Monthly Archives: May 2018

India: Coal or Solar?

India has built a lot of coal power stations, but will they become stranded assets, displaced by cheaper, cleaner solar?

India has built a lot of coal power stations, but will they become stranded assets, displaced by cheaper, cleaner solar?

Last month atmospheric Co2 levels passed 410 parts per million. To avert climatic catastrophe humanity needs to shift away from fossil fuels as quickly as possible. India presents us with both the scale of the challenge and the scope of possibility. The government of India wants to bring electricity to all its 1.3 billion people, the population is still rising and the country is rapidly industrializing. Energy demand is increasing, and so too carbon emissions. Many new coal fired power stations were built in the decade 2007 to 2017, more than doubling coal capacity. This all bodes ill for local air quality, and for the global climate. At the Paris climate summit a couple of years back the Indian government was rather dragging its feet, only promising to decrease the carbon intensity of its economy, while planning for rapid economic growth and emissions still rising for years to come.

However things could change for the better very rapidly. The price of solar, both photovoltaic and concentrating solar thermal, is falling fast, and India has a very good solar resource. In 2017 for the first time India added more new renewable capacity than new coal. Many coal plants are proving economically unviable: they simply cannot match solar on price and are shutting down. As solar prices are predicted to keep falling this should only accelerate this process. Currently the government are still trying to protect coal from these market forces. They are also beginning to grasp the new opportunities that solar can bring. For isolated rural communities across India local solar plus storage will be key to their development. At the other extreme are new solar based megacities.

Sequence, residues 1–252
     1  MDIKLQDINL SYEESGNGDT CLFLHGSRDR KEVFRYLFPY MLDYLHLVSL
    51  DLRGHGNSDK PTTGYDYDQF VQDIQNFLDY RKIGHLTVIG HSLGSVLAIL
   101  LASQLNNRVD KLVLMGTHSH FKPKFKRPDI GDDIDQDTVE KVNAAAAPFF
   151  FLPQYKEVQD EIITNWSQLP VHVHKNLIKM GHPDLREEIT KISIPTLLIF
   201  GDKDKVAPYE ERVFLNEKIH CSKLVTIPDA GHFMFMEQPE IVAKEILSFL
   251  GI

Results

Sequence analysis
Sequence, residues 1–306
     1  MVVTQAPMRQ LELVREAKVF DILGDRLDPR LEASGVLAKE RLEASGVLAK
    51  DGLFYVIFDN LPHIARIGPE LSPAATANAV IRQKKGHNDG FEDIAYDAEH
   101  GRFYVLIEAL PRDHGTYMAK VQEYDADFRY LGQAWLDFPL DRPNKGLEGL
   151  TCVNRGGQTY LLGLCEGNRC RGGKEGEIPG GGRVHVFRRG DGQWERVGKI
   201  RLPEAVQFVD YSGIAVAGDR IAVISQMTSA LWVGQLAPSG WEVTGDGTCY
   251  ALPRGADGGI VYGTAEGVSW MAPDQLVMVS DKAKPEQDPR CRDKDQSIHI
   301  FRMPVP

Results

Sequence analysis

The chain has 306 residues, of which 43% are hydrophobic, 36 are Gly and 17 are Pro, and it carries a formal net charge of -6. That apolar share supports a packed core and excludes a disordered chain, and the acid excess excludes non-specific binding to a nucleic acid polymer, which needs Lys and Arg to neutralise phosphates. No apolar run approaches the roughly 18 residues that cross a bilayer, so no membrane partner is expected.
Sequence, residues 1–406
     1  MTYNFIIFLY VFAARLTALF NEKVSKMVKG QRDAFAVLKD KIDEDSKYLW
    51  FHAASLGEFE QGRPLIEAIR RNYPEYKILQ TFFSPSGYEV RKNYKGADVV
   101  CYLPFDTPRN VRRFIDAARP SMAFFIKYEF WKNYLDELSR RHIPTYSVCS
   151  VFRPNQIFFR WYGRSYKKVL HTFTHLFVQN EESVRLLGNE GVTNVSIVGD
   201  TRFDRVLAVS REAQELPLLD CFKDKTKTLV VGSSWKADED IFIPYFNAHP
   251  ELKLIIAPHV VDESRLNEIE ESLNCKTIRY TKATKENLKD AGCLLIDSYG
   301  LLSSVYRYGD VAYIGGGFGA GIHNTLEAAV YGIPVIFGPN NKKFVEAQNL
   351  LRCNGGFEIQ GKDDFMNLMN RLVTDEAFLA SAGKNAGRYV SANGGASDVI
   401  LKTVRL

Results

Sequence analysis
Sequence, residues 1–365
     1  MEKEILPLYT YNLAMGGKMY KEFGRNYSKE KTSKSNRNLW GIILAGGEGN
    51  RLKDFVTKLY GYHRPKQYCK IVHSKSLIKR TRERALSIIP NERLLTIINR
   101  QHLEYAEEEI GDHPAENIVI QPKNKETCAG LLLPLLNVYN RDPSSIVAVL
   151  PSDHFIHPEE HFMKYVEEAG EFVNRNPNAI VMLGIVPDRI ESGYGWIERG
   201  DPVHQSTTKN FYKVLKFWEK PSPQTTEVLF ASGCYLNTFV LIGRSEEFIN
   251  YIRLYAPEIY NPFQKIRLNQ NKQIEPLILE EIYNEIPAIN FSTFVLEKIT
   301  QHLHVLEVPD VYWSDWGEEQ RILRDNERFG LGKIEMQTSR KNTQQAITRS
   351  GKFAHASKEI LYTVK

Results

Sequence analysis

The Dholera Special Investment Region, located near the head of the Gulf of Khambhat in the Indian state of Gujarat, is a huge area earmarked for a new city and cleantech industrial hub. A 5 GW solar pv plant is planned, with local manufacture of solar cells and panels and other ancillary industries. This will further decrease the price of solar electricity, hastening the demise of coal. A project like Dholera opens up many new opportunities to create new forms of prosperity not based on ever more pollution but on new and ecologically sustainable technologies. It would be a perfect place to invest heavily in solar desalination and new forms of super productive hydroponic agriculture, on many forms of energy storage and on electric and hydrogen fuel cell transportation systems. India could lead the world with the speed to its energy transition. Technologically India has lagged behind Europe, USA or China, but it has probably the best solar resource of these four. It could leapfrog them, and be the first solar powered superpower. Essentially it is a political choice, which path India will follow, coal based or solar based development? The economics of going all out for solar are looking increasingly good, which is good news for India, and for the rest of us.

Costa Rica

Costa Rica is providing leadership in so many inspiring ways. Following a short civil war in 1948 it abolished its army and has for these last seventy years put the money saved into improving education, health and welfare systems. It now has longer life expectancy than USA. It is by far the most peaceful country in Central America and has very much lower crime levels than any of its neighbours. It has done much to protect and enhance its biodiversity. It has long been a beacon of good democratic government, and last month elected Carlos Alvarado as president.

The new president arrived at his inauguration ceremony in a hydrogen fuel cell bus, the first one in Central America. Costa Rica has for some years got about 99% of its electricity from renewables and has famously gone for 300 days without needing to burn any fossil fuels to generate electricity. It seeks to be a world leader by being the first country to fully decarbonise all its energy use. Transport is the big challenge. Carlos Alvarado has announced the incredibly ambitious goal of replacing all petrol and diesel use with battery electric and hydrogen fuel cell cars and buses by 2021. That would be a global first. It may not be fully achievable within these four years, but it is a goal worth pursuing. President Alvarado has described the full energy transition as a ’titanic and beautiful task’.